So all day you make art. You are alone with your words or notes or images, your heart and soul and whatnot. You visit other studios if invited. You take walks, you run, hike, work out, swim, watch TV, play pool and ping-pong. The food tends to be excellent. At Yaddo after breakfast you bring lunch to your studio in a tin lunchpail. At MacDowell your lunch arrives by truck around noon, quietly left outside your door in a picnic basket. In that case, lunch is the only external event of the day. Once at MacDowell there was a new and muscular girl working in the kitchen. In her first day she screwed the soup canisters so tight that hardly anybody could get them off, even in hours of trying. That night we were all traumatized.
Most of the MacDowell studios are in the woods out of sight of each other, each with a unique design. One summer I had a tidy brick studio next to a little pond. I took to visiting the pond after lunch to observe the fauna. One afternoon I stood watching a dragonfly perched on a leaf, eating a common fly that was bigger than its head. It was turning the fly around and around, and in the course of a minute devoured it with tiny audible chomps. I tried to imagine eating, in a minute, a piece of beef the size of my head. In the pond lived groups of crayfish. I'd get a stick and play with them. Most would jet away backward with a flick of their tails, but always the alpha crayfish would come for the stick and poke at it with his claws. Day after day I lay beside the pond boxing with crayfish.
Yaddo has a fringe of woods, but it's near town and next to the racetrack. (In August you hear the end of each race, which sounds like a wave rising and crashing.) The more interesting fauna at Yaddo were inside the mansion. We had noticed these things that looked like oversized butterfly nets hanging in the halls and wondered what they might be. One night several of us went out to see the movie Alien, in which a horrible creature is stuck to a spaceman's face. In the middle of the night a poet from the group was having a nightmare about that creature and woke up to find she had a bat on her face. Naturally she began to shriek wildly. The door flew open and a fellow colonist ran in brandishing one of those nets. As it was narrated by the poet at breakfast next morning, the scene was classic farce: naked screaming woman in bed and man in underwear thrashing around with bat net. That's how we found out what the nets were for.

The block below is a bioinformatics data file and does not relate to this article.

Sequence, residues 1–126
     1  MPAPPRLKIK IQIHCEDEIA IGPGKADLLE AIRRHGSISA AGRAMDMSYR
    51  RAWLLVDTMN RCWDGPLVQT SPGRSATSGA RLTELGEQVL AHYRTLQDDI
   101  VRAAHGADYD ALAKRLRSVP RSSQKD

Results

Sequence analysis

What can I say but that, at the time, in the utter absence of distraction, all these things were marvelous, better than TV, better than the Internet. I mention the last because to date none of the MacDowell or Yaddo studios is wired, Internet is only in the main buildings, and cell service is spotty—which is the way most colonists want it.
A few people produce legendary work at the colonies, and a lot of others come into their own in their individual ways. Colonies are where, in the course of making new friends and recovering from a busted marriage, I finished growing up about as much as I'm ever going to. In regard to my music, it's where I found out, more or less, how good I am and how good I'm not—pretty good, in my opinion, but one needs to learn how far from Mozart one's work lies. It's where my back first went out; it never entirely returned. (Back and neck pain is endemic at colonies; you're hunched at a desk or piano or easel all day.) A colony is where, when I took up briefly with a suicidal short-story writer, I learned for the first time in practice rather than in theory what a bad idea a roll in the hay can be. Colonies are the last places I danced my ass off. They're the last places I fell in love. They're where I made friends who are still with me, along with friends I met through those friends, all of us in the business of creating things.
So how deranged, sodden, lascivious, egomaniacal, and so on, are the colonies? Actually the level of excess disappointed me. I found the bulk of artists to be, on average, no crazier than anybody else. After all, a substantial percentage of the human race is nuts, and most of those people don't have art as an excuse. The percentage of drunks and loonies I encountered at the colonies is not significantly higher than the percentage to be found among my own friends and family. And as best I can tell, my friends and family are not unusually loony.
Artists generally refer to their work as a job, but the reality is that few artists of any kind make a living at it. Most of us are not pretentious enough to speak of it as a calling, but that's what it amounts to. We do it because there's nothing we'd rather do, because we're good at it, because we're wired up that way. There are far too many artists in the world, far more than the market can bear. The reason is that art is one of the greatest things in the world to do. In a perverse but typical corollary, the gods have decreed that art will therefore be one of the worst professions in the world to get by in. For the run of able and passionate but uncelebrated artists, the colonies stand as one of the few genuine perks in an endeavor that is absurd and unprofitable in nearly every way except in the doing of it. The abiding mood of irony and the sometimes wonderful camaraderie of the colonies is based on that shared understanding. Here, at least, you can laugh at it all.